Rendon Shouldn’t Follow Harper’s Path

Photo courtesy Jonathan Newton / The Washington Post

Photo courtesy Jonathan Newton / The Washington Post

Bryce Harper and Anthony Rendon have a lot in common. Both were heralded first-round selections who are considered two of the best young hitters in the game. Both ended their first professional seasons here in Harrisburg with the Senators before playing well in the following Arizona Fall League. And more recently, both are tearing it up at the plate so far in the Nationals spring training games.

But I wouldn’t expect to see Rendon take Harper’s path to the major leagues. Harper started his 2012 season at Triple-A Syracuse and played only 21 games (hitting a mere .243) before getting the call to The Show when Ryan Zimmerman went on the DL. Don’t expect either of those thing from Anthony Rendon in 2013. I fully believe he’ll start the year in Harrisburg and won’t see Nationals Park until September callups.

With Harper, one of the things the Nats were concerned about was him getting used to the daily grind and routine of being a professional ballplayer. Harper did that in in 2011 as he played a combined 109 games between Low-A and AA ball. He showed that despite only 37 games at Double-A that he was ready to advance another level to start the season. Harper’s placement in Syracuse had nothing to do with his spring training last year and everything to do with his time in Hagerstown, Harrisburg, and the Arizona Fall League the previous season.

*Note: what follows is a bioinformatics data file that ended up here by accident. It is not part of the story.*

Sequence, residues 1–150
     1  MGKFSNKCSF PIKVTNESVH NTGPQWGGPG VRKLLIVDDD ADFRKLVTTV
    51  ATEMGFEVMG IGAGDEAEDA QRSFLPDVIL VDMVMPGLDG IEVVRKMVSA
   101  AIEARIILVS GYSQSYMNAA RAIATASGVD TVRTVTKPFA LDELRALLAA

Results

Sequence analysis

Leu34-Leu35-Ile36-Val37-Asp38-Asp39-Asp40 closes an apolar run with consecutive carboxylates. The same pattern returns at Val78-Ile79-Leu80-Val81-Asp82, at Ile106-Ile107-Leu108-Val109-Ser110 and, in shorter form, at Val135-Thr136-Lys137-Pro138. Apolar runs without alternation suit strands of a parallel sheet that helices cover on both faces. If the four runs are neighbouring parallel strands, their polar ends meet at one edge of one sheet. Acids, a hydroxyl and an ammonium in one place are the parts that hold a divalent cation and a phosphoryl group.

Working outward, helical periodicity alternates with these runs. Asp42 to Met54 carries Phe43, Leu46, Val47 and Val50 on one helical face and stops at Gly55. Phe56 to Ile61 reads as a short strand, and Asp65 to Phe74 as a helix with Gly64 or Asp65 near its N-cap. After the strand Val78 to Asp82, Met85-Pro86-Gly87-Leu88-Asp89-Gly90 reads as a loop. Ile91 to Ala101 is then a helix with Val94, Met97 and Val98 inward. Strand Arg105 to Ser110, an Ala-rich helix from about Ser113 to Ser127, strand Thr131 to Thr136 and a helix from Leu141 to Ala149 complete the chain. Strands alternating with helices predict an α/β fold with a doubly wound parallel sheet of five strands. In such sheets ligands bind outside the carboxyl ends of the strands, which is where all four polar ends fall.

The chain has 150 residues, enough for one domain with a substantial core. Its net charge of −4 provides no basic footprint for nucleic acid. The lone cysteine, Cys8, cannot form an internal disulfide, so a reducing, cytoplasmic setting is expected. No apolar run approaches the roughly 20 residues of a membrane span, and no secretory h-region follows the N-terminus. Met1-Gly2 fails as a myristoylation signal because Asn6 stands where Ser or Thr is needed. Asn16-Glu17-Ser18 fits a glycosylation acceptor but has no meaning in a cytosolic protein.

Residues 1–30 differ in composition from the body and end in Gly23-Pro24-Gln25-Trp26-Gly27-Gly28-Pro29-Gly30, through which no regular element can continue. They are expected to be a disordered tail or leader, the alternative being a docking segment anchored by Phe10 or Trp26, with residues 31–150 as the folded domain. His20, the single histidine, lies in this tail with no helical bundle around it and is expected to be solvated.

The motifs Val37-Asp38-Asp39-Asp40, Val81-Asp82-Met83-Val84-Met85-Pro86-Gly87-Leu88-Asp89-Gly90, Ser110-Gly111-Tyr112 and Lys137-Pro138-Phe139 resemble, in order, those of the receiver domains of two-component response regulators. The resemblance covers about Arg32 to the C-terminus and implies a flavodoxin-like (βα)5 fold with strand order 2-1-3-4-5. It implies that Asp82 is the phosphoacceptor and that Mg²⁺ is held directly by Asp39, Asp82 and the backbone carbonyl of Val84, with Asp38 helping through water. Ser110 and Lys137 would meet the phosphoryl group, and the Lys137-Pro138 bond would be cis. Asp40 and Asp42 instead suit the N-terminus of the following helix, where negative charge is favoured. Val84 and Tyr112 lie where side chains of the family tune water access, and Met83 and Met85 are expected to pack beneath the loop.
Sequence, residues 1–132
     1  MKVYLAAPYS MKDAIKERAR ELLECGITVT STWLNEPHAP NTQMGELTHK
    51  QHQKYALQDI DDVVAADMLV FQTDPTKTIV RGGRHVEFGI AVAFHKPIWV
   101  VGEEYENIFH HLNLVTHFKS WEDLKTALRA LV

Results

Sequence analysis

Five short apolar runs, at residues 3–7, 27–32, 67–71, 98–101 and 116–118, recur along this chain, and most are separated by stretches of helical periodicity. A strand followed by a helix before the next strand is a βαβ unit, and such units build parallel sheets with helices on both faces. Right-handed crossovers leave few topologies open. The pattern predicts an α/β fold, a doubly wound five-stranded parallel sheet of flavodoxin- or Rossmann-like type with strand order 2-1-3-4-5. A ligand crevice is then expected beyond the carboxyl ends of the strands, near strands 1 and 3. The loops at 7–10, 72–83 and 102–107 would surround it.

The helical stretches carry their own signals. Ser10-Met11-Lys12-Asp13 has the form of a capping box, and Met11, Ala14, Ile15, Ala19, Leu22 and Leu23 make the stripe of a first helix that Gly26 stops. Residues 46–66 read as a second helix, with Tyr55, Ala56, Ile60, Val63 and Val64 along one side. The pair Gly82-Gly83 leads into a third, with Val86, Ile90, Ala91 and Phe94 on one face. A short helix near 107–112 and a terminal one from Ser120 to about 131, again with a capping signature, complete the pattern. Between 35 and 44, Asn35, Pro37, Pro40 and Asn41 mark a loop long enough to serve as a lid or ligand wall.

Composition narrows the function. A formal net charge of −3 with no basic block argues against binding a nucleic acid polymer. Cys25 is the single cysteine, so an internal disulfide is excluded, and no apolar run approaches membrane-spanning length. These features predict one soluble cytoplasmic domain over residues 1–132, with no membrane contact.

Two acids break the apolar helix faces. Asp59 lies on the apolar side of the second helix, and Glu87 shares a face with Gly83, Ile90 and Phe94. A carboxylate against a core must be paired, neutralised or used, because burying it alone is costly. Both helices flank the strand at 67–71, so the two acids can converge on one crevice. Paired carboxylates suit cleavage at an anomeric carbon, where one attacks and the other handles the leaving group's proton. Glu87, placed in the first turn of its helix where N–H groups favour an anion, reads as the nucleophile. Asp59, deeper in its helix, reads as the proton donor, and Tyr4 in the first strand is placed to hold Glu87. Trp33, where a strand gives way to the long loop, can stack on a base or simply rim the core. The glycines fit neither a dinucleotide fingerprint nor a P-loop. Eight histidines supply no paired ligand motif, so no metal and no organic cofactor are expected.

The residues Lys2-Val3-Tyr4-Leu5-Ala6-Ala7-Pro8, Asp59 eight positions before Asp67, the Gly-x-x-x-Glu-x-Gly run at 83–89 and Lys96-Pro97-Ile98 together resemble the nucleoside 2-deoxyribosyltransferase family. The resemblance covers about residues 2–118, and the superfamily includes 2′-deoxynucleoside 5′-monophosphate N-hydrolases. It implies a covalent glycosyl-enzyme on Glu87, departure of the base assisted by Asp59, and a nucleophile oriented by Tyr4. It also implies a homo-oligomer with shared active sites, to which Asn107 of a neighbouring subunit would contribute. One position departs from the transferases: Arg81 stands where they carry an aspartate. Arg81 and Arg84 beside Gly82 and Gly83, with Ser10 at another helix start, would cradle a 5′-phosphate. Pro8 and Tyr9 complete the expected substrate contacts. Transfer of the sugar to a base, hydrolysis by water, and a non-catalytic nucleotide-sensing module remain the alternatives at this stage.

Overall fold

Rendon, on the other hand, doesn’t have the same resume as he begins his second professional season. Rendon’s 2012 was abbreviated to only 43 minor league games after he went down in early April with a broken left ankle. He did manage to get back on the field late in the season and posted a paltry .162 batting average in 21 games here at Harrisburg before playing much better in the Arizona Fall League. But make no mistake, the Nationals don’t feel the need to rush Rendon with the major league 25-man roster all but set. Manager Davey Johnson said it best earlier this spring, “He needs the reps. He needs to go play.”

One factor that played into Harper’s quick ascension was the injury to Zimmerman and the need for another bat in the middle of the order. It’s conceivable that another injury to Zim, Desmond, or Espinosa could speed up Rendon’s timeframe. But isn’t that why they signed a guy like Will Rhymes as insurance for virtually every position in the infield? Carlos Rivero, if he clears waivers, and Zach Walters are also more options the Nats have stored at Triple-A. There is no need to speed up his devlopment no matter how many home runs or extra base hits he collects in spring training.

The calls for seeing him on the Nationals’ roster sooner rather than later are almost too hard to ignore, but 2013 isn’t 2012 and Rendon isn’t Harper.

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